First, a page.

The findings also add to a recent Breast Cancer Now Generations Study analysis – by the same authors and also published in the British Journal of Cancer – which suggested that exposure to light at night while sleeping does not increase a woman’s risk of developing breast cancer.
Since the 1970s, it has been suggested that a potential link between shift work and an increased breast cancer risk could be explained by exposure to light at night disrupting the body’s internal clock, which could cause suppression of the sleep hormone melatonin and raise oestrogen levels in the body.
Co-author Dr Michael Jones, Staff Scientist in Genetics and Epidemiology at The Institute of Cancer Research, London, said:
A possible link between exposure to electric light at night and an increased risk of breast cancer was first proposed more than 30 years ago, but research has so far been inconclusive. Large-scale studies like the Generations Study can play a vital role in teasing out the subtle effects of lifestyle on breast cancer risk – or in this case in finding no evidence of association after all.
In our new study, we found no overall link between women having done night shift work in the last ten years and their risk of breast cancer – regardless of the different types of work they did involving night shifts, and the age at which they started such work.
Although night shifts may have other effects on people’s health, and we still don’t know the effect of a person’s body clock being disturbed for very long periods of time, it is reassuring to see more evidence suggesting that night shifts are not linked with a higher risk of breast cancer.
Baroness Delyth Morgan, Chief Executive at Breast Cancer Care and Breast Cancer Now, which funded the study, said:
We hope these findings will help reassure the hundreds of thousands of women working night shifts that it’s unlikely their job patterns are increasing their risk of breast cancer.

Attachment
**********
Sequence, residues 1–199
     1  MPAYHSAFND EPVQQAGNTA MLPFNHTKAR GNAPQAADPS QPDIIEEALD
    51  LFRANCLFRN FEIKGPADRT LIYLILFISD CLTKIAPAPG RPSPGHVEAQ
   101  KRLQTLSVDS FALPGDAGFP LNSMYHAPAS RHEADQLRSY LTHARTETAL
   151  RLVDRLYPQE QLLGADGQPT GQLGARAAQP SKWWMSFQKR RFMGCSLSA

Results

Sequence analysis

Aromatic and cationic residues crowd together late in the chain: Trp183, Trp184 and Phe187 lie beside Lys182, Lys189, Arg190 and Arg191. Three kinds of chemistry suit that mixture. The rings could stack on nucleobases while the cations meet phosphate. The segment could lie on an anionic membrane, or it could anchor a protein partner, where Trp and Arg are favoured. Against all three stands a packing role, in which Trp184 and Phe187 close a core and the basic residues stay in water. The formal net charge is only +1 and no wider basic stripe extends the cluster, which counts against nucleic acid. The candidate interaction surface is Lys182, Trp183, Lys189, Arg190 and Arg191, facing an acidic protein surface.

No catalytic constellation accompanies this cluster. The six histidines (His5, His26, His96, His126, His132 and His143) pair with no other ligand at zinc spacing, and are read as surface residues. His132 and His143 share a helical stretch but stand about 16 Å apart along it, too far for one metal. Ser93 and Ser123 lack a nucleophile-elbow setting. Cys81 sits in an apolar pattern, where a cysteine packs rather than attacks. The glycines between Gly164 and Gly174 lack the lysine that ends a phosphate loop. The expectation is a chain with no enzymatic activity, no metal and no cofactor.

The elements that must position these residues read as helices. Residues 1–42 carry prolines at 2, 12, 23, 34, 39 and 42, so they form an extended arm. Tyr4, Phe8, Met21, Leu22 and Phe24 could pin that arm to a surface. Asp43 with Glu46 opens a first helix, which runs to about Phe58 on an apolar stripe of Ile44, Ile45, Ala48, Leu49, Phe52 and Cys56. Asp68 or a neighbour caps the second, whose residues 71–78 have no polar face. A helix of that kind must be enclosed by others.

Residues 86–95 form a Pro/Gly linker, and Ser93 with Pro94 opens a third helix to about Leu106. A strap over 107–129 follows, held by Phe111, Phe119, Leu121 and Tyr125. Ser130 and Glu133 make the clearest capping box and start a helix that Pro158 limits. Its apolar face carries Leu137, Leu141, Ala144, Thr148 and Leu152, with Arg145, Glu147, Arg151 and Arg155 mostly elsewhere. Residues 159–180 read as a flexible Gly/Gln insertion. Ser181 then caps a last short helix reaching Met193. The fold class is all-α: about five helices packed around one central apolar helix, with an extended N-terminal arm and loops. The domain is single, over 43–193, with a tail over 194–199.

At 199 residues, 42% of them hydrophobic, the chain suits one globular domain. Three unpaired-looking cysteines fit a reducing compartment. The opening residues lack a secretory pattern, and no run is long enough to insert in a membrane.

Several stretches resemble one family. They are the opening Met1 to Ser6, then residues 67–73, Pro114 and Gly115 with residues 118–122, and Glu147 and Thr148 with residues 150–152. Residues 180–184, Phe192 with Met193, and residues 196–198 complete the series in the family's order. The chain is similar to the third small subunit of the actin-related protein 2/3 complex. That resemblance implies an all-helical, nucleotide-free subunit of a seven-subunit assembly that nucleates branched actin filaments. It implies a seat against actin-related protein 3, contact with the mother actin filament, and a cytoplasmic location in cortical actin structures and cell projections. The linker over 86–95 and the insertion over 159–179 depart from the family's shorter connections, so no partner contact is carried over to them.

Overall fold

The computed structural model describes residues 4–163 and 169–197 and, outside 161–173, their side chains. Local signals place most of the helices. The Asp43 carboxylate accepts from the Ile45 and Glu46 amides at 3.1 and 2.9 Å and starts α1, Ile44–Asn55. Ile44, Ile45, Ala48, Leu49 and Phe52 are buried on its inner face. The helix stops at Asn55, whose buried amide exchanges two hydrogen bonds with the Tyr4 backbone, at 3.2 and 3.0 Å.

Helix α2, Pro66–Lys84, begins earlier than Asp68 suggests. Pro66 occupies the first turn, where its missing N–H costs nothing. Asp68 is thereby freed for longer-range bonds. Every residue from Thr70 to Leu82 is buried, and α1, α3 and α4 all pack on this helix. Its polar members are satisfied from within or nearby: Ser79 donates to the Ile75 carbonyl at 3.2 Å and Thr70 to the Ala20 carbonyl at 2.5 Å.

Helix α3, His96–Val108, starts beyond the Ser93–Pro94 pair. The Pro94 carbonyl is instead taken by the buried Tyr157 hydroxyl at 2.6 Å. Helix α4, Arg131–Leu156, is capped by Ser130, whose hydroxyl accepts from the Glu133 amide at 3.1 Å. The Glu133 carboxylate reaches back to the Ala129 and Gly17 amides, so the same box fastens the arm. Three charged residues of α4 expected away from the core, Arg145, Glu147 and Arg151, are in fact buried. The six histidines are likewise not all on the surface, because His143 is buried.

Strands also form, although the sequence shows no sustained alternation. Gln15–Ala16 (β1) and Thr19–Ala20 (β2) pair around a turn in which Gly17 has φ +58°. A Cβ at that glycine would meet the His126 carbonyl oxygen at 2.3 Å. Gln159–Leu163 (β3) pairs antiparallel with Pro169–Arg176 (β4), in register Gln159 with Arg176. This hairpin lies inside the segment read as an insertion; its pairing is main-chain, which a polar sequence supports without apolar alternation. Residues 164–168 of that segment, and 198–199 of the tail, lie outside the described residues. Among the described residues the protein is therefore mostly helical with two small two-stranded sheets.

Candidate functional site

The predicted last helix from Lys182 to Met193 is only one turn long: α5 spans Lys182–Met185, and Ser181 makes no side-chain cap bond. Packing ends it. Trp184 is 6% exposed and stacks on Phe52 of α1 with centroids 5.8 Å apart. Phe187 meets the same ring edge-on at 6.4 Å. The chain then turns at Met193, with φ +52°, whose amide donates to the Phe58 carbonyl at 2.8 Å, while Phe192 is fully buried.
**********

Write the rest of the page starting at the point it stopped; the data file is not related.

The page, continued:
This question has been widely debated in recent decades and has understandably caused concern, and it’s encouraging that the evidence now suggests night shift work has no impact on breast cancer risk. We now await the International Agency for Research on Cancer’s review of the global evidence to gain even more clarity on this issue.
We know that breast cancer risk is affected by a combination of our genes, lifestyle choices and events throughout life, and there is never one single cause of the disease. But, with many contributing factors, it’s vital we support more women to do what they can to help shift the odds in their favour.
Whilst there are some things we can’t change, there are steps all women can take to lower their breast cancer risk, such as maintaining a healthy weight, keeping physically active and drinking less alcohol. Even small changes are a great start.
The Breast Cancer Now Generations Study is a landmark prospective study of the causes of breast cancer that is following over 113,000 UK women for over 40 years.
The Study – based at The ICR – has already led to a number of significant discoveries into the interlinked causes of breast cancer, including clarifying that women taking combined HRT are 2.7 times more likely to develop breast cancer than non-users, and that smoking is associated with an increased risk of breast cancer particularly if started during adolescence.
Breast Cancer Care and Breast Cancer Now thanks M&S for their generous support of the Breast Cancer Now Generations Study.